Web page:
By nationality, Bolivians are most likely to work in cleaning (71%), followed by Ecuadorians (65.5%) and Colombians (62.5%), while only 15% of Brazilians are working in this sector.
This implies a great contrast, bearing in mind that only 1% of OLAs used to work in this sector in their home countries, and only 10% in the European country in which they were living previously.
In addition, many have to do several jobs, due to the high cost of living in the capital. One third have more than one job, and around 10% have three or four.
Half of OLAs are receiving social support, but mostly in the form of benefits for children or housing.
Exploitation at work
“I signed a contract for 45 hours of work a week, but when they gave me my shift, I saw that it was 12 or 14 hours a day […]. When I got my pay, they hadn’t added the extra hours. […] When I went to complain, they told me that it’s like that in all the restaurants in London, that’s how the hospitality business works here”.
Luciana, 32, from Argentina, told in one of her interviews how she had been exploited working in a 5-star London hotel. This was just one case among many. In fact 45% have experienced some kind of exploitation at work, either of non-payment or verbal abuse.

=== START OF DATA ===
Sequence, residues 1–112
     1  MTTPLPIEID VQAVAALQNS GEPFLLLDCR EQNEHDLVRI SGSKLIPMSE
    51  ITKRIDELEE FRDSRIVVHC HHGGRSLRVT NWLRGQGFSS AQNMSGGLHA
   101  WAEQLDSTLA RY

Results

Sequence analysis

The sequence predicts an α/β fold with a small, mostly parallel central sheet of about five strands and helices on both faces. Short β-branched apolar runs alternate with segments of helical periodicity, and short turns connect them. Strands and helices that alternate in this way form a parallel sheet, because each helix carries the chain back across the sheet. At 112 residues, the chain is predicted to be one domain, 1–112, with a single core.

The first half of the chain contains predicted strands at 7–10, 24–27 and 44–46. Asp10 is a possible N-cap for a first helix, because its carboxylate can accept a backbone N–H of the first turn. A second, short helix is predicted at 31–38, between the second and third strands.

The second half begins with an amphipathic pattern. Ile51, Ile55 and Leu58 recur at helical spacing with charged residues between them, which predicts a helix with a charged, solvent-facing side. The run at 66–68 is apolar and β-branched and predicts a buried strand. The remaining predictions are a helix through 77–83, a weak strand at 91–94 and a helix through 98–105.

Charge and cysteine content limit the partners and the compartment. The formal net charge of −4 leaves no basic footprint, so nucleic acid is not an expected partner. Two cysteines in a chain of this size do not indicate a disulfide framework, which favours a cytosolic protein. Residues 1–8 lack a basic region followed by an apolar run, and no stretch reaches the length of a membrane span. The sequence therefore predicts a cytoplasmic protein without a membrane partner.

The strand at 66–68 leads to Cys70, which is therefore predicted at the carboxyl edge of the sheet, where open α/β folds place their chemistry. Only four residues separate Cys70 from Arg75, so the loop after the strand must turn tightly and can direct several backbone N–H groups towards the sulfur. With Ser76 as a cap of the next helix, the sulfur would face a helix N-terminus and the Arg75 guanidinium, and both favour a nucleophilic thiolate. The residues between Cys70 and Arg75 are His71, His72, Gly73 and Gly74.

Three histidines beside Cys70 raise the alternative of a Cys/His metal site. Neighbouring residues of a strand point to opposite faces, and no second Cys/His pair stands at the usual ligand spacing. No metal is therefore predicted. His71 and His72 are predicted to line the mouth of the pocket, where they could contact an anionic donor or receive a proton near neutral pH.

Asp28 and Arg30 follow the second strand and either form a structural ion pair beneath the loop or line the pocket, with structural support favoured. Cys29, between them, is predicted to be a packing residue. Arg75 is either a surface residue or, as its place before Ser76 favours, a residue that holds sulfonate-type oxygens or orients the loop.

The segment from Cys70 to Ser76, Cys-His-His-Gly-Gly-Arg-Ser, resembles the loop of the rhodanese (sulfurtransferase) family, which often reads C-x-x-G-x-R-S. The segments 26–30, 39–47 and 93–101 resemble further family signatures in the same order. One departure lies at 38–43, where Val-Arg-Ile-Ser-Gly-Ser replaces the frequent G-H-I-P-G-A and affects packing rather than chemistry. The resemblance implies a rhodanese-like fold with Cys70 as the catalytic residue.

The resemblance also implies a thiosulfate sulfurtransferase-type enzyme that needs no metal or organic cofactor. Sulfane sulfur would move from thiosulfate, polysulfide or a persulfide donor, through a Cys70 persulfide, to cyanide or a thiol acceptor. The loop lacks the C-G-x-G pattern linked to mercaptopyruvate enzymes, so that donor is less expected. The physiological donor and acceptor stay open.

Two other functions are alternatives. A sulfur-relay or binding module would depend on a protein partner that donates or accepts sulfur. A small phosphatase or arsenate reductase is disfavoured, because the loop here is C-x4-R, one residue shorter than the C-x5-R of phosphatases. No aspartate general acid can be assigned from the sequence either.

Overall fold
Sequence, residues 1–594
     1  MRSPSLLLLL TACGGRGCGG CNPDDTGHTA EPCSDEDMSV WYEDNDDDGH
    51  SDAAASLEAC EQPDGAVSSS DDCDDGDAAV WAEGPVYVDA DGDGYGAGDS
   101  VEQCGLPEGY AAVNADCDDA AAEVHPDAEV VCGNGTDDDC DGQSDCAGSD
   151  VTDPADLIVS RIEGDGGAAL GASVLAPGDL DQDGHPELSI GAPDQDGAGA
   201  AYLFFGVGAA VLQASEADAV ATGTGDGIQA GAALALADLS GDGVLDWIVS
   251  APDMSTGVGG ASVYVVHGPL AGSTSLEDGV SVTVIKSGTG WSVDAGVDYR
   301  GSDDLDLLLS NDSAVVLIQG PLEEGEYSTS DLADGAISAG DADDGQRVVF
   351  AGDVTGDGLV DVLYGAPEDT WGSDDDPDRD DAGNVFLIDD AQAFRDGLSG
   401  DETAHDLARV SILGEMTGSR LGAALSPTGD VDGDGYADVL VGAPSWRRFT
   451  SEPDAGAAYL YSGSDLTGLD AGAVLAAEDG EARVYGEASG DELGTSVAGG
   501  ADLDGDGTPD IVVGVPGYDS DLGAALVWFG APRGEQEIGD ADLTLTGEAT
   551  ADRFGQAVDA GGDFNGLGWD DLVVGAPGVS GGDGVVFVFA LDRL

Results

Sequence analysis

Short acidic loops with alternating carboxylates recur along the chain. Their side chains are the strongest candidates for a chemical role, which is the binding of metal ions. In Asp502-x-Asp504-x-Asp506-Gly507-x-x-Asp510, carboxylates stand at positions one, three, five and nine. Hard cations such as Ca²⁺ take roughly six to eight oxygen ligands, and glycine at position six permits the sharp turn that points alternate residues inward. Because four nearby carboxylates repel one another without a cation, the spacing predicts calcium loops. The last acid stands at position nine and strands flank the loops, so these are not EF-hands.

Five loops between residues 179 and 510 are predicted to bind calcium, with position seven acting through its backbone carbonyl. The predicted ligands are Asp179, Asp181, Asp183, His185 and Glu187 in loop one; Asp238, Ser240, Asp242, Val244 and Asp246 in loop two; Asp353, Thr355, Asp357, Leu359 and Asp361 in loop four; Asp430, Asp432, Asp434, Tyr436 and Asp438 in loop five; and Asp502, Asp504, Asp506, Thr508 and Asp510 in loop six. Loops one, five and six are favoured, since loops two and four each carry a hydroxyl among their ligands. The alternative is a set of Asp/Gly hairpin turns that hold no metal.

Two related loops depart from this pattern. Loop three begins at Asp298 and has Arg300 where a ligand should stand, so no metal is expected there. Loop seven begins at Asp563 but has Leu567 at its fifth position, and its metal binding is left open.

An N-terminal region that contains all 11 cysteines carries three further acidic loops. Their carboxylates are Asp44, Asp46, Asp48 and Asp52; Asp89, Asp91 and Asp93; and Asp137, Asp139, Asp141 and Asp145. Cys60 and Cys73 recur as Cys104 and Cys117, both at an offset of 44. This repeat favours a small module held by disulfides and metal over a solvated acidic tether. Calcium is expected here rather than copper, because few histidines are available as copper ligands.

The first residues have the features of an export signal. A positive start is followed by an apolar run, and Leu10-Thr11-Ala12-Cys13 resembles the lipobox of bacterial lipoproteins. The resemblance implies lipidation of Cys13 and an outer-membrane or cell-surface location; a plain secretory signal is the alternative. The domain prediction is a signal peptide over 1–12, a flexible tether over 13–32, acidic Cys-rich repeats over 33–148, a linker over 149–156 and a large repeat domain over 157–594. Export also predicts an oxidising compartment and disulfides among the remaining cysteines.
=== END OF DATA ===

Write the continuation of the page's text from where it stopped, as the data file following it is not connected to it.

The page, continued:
And women continue to be the most vulnerable in comparison to men (48% and 41%, respectively).
At the level of nationalities, 74% of Bolivians suffer exploitation, compared to 31% of Brazilians, although more than half of OLAs said that exploitation at work was the most common kind of discrimination.
And although the level of discrimination in the capital is not so high (34.5% say they experienced it), this may be due to the fact that the majority of OLAs have come from Spain, where racism is more visible.
But this does not mean that there is no disguised racism.
Photos:Pixabay – (Translated by Graham Douglas – Email: firstname.lastname@example.org)